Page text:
I see the Japanese symbols, but never asked myself how hard is to write using these symbols. It seems very inviable. How do you guys do when writing at Japanese? Is it really harder than, for example, English or Portuguese. I mean, the amount of writing required to express the same sentence.
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closed as primarily opinion-based by Darius Jahandarie, istrasci, Dono, Zhen Lin, virmaior Mar 21 '14 at 0:41
Many good questions generate some degree of opinion based on expert experience, but answers to this question will tend to be almost entirely based on opinions, rather than facts, references, or specific expertise.If this question can be reworded to fit the rules in the help center, please edit the question.
As I've explained when teaching, each language's quirks add value to it or else they wouldn't be retained. If you embrace the differences by learning Kana quickly and then not being afraid of Kanji thereafter, it will come fairly easily with practice. If you view kanji as a monolithic set of thousands of symbols with nothing in common with each other, you're going to have a hard time.
The trick with Kanji in particular is to remember that it forms a visual system of roots, prefixes, and suffixes that, among other things, enable you to guess the meanings of words you've never seen before or "coin" new words on the fly when needed. Further, if you become acquainted with the breakdown of kanji as you learn them you'll discover patterns (visual, semantic, and phonetic) that create a useful web of knowledge for holding everything together.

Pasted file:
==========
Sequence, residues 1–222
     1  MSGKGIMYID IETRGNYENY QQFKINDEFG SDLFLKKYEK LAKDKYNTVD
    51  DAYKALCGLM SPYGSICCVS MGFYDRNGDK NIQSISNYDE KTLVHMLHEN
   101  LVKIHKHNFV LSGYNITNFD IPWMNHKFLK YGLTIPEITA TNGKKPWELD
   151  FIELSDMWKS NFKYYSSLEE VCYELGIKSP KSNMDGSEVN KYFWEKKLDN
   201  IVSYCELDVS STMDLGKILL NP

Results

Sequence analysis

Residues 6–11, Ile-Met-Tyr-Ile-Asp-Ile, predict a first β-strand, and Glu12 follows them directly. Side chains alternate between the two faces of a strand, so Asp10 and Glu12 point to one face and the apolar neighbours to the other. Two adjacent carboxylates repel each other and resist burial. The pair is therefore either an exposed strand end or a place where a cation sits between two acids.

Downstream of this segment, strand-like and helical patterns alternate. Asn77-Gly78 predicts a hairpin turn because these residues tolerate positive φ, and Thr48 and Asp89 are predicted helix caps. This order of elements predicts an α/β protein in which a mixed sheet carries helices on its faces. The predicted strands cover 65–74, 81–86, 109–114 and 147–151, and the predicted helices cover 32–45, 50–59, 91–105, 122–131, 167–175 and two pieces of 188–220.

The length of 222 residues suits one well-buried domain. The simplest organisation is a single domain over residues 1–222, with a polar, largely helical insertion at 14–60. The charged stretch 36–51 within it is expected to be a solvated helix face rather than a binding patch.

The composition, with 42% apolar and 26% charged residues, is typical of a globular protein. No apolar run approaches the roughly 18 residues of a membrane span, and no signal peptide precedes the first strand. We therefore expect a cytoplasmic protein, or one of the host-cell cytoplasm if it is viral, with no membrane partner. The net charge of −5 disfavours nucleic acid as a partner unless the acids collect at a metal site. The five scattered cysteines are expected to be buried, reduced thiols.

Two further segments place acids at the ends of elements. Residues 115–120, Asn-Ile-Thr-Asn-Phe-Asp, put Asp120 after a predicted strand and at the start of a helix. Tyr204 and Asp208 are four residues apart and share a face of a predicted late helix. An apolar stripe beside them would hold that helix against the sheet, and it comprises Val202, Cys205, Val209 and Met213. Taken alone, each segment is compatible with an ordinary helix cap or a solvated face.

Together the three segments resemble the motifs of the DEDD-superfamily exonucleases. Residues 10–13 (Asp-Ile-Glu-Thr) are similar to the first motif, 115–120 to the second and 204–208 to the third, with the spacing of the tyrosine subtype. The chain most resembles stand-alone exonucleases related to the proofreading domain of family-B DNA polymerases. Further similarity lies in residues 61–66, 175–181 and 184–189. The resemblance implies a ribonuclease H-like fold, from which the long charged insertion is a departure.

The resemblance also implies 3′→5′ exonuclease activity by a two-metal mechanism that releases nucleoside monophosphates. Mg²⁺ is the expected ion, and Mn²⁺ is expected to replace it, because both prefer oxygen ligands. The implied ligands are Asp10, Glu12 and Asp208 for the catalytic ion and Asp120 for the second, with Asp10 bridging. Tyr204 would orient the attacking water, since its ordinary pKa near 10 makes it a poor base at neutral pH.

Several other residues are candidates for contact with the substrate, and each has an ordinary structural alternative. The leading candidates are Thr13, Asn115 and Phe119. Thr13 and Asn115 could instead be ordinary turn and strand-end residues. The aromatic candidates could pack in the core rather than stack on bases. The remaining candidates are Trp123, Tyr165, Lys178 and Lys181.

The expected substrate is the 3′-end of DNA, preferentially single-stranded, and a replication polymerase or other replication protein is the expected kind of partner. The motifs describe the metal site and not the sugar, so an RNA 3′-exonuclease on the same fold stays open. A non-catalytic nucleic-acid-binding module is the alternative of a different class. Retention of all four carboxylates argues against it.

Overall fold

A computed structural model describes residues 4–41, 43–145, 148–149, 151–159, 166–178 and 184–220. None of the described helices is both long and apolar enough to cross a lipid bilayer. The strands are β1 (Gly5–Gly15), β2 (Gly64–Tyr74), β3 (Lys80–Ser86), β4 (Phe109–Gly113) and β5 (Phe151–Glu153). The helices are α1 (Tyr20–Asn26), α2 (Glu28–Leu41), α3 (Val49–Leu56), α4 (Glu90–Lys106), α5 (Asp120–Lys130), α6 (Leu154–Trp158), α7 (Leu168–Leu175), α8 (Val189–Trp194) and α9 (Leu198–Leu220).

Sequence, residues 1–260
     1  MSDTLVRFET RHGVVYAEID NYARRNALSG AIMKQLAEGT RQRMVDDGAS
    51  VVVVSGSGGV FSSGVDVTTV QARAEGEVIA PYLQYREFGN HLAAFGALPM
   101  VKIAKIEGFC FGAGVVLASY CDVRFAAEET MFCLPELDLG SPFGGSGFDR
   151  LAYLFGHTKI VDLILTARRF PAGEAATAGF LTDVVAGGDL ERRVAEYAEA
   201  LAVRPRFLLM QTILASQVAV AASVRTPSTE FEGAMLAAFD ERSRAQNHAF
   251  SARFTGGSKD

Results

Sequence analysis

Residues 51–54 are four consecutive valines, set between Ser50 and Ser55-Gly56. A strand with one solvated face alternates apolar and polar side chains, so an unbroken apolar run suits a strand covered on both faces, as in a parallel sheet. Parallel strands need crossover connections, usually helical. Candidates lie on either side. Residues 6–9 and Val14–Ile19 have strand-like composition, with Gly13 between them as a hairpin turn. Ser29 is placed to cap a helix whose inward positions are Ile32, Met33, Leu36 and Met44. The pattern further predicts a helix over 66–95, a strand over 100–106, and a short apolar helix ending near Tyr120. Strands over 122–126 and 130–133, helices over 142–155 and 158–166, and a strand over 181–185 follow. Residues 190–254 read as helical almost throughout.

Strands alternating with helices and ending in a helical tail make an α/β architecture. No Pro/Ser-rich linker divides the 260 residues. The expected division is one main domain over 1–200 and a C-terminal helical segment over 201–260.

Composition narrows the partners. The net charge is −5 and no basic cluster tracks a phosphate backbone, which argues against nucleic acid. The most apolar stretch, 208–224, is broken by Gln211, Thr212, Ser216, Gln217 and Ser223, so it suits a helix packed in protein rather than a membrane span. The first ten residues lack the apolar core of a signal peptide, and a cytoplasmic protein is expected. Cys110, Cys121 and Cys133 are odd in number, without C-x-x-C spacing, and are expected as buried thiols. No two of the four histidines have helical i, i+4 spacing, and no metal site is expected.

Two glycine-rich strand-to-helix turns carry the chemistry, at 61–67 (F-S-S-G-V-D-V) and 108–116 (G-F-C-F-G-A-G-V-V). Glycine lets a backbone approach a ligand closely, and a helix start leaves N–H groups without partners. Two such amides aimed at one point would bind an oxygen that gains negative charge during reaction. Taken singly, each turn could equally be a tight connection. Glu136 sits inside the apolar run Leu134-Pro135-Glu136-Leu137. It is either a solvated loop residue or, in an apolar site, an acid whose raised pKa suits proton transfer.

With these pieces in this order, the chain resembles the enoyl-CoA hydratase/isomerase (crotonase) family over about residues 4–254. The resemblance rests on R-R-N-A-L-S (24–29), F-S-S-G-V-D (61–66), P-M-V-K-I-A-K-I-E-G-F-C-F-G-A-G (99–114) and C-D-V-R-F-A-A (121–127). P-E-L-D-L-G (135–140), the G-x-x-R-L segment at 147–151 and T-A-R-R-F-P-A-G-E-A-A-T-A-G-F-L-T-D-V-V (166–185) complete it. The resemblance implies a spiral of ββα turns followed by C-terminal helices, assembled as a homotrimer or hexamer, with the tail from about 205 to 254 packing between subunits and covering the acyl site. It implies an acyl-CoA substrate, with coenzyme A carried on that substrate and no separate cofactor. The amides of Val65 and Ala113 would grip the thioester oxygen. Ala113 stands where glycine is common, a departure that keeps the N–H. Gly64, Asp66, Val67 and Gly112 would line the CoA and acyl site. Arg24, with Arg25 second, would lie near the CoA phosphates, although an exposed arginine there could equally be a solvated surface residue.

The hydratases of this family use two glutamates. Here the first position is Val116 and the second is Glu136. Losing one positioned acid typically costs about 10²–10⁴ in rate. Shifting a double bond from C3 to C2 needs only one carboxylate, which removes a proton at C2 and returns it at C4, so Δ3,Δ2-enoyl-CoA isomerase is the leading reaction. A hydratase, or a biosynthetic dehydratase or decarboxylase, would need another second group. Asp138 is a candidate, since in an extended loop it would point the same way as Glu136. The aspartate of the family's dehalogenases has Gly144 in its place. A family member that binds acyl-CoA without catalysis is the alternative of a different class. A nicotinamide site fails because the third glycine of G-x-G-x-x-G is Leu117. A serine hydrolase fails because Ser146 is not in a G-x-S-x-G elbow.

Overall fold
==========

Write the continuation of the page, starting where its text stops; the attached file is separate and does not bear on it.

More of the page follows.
In short, it's as hard as you choose to make it.
Like others have said this is highly opinion based. I like to think of the structures as art works and have their own flow. If you look up videos of japanese students and natives writing kanji and certain hiragana words, you can notice those little nuances that can make your writing legible to natives.
Think about why english (romanized language) was easy. You learned young - were awful at the start - then a few years of schooling later you developed your own style. It just takes practice!
What you can do to practice is make haikus on paper in all japanese. It builds an understanding of the language and lets you write it out and practice.